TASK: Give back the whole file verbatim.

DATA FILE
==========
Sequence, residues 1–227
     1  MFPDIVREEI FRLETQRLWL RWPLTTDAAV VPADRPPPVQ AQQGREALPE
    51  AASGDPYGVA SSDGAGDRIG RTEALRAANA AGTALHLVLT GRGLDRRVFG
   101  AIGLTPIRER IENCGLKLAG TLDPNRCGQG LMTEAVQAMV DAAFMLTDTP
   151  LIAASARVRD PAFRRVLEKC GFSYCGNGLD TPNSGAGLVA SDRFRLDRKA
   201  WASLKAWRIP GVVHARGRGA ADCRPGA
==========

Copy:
Sequence, residues 1–227
     1  MFPDIVREEI FRLETQRLWL RWPLTTDAAV VPADRPPPVQ AQQGREALPE
    51  AASGDPYGVA SSDGAGDRIG RTEALRAANA AGTALHLVLT GRGLDRRVFG
   101  AIGLTPIRER IENCGLKLAG TLDPNRCGQG LMTEAVQAMV DAAFMLTDTP
   151  LIAASARVRD PAFRRVLEKC GFSYCGNGLD TPNSGAGLVA SDRFRLDRKA
   201  WASLKAWRIP GVVHARGRGA ADCRPGA